Davy looked at the giant warehouse in front of him. There were no windows. Only massive door in the front.
He turned to Olivia. “How are we supposed to get in there?” he asked.
Olivia looked over the warehouse, scratching her head. “Normally, I’d find a way to sneak in, cut the lights, attack from the shadows, and strike fear into their evil hearts, preferably in that order,” she answered. Her face lit up with an idea. “Unless…”
She looked around the docks, which prompted Davy to do the same. The entire area was strangely deserted. Olivia motioned for Davy to follow her as they approached the large, white door at the front of the warehouse.
When they got there, Olivia looked down at the bottom of the door. There was a minute gap between the door and the ground that maybe an insect could fit through.
Olivia looked at Davy and grinned. “Watch this,” she whispered. She held up her left hand and rotated it, showing Davy the front and back. “Nothing up my sleeve,” she continued. She then held her hand over her left eye. After a second, she whisked her hand away, twirling her fingers like a magician. Her eye was gone, only an empty patch of skin remained. She then moved her left hand, the back side facing Davy, up in the air and gestured towards it with her right hand. “And….presto!” she finally exclaimed. She rotated her hand, there was now a large eyeball on her palm.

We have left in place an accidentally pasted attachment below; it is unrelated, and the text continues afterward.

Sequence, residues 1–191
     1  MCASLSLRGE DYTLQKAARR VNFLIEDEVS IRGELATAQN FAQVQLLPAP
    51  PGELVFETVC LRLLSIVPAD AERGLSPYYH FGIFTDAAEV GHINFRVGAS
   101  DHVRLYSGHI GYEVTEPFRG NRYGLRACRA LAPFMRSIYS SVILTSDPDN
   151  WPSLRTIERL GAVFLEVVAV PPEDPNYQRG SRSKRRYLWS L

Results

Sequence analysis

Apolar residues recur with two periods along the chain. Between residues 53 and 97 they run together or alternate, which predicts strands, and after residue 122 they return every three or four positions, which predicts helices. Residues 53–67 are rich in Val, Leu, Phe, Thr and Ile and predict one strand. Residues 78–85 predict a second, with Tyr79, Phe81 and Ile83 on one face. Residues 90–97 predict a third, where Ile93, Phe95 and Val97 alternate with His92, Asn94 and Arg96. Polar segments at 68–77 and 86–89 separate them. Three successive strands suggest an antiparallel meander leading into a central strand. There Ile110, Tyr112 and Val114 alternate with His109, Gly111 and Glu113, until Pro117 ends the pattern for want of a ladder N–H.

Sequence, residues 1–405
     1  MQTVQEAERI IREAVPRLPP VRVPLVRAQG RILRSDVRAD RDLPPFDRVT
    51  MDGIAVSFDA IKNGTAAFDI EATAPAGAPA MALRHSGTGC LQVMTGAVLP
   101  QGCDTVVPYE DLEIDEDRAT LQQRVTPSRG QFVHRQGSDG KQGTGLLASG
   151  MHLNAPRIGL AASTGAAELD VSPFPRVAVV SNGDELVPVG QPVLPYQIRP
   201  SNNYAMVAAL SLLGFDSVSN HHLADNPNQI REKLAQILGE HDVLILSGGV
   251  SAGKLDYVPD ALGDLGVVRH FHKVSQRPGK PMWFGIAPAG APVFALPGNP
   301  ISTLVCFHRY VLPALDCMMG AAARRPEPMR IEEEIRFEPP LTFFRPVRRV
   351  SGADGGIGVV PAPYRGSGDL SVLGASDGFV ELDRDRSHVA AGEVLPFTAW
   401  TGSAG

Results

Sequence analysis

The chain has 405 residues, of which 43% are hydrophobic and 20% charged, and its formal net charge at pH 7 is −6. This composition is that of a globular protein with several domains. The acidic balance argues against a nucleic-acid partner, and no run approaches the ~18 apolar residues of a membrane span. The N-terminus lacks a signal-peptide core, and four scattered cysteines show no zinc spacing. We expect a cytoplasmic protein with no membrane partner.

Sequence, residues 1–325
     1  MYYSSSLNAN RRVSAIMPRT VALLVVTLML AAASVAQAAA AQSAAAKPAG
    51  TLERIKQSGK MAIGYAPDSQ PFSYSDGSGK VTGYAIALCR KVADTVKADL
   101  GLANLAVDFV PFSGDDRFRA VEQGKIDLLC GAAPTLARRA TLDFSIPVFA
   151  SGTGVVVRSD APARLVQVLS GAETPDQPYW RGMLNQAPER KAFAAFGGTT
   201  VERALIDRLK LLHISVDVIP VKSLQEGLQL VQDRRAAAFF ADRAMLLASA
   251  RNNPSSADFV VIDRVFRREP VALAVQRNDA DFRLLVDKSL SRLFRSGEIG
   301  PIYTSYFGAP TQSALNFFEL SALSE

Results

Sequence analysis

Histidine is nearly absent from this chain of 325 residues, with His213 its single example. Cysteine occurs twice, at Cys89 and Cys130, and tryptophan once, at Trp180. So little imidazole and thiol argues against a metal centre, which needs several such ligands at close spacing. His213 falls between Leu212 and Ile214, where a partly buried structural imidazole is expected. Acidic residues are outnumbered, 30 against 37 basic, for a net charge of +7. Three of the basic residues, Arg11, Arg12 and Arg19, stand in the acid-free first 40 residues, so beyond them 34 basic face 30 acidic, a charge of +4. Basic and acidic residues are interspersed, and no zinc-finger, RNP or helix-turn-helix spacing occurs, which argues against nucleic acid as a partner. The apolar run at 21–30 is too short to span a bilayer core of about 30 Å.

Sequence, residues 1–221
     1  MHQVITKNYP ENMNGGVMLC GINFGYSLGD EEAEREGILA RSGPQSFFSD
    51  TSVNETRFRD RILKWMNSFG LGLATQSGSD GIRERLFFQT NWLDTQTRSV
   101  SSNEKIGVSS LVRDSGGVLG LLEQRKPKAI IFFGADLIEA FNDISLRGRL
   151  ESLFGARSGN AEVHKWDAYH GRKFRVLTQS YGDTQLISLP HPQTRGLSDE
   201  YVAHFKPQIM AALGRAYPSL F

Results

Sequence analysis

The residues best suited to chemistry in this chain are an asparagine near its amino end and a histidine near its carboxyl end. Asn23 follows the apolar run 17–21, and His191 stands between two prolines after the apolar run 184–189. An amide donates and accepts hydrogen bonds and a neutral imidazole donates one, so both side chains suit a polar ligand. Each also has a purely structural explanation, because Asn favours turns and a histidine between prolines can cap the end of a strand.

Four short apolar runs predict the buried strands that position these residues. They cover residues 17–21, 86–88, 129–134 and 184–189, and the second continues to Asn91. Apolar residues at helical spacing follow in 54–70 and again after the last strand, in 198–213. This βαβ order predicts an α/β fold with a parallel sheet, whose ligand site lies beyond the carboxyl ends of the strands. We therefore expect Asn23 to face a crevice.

Davy responded with an exaggeratedly polite golf clap. Olivia bowed as her hand further morphed into a tendril with the eyeball at the end. “Thank you, thank you,” she said. “Don’t forget to tip your waitress.”
She bent down and crouched on the ground. Her tendril arm slithered through the gap under the door. Olivia closed the one eye that remained on her face as her hand fumbled around on the other side of the door. Eventually, she retracted her arm, and in one fluid motion, it morphed back into a normal hand. With a pop, Olivia’s left eye reappeared on her face.
“There’s no one there,” she told Davy. “All the lights are off.”
“So we can just go in?” Davy asked.
Olivia shrugged. “I guess so,” she said. “Maybe we’ll find your friend in there.”
The two of them grabbed the bottom of the warehouse door and lifted it up. They stepped inside into the darkness.
The door immediately closed behind them, leaving them in a pitch black void.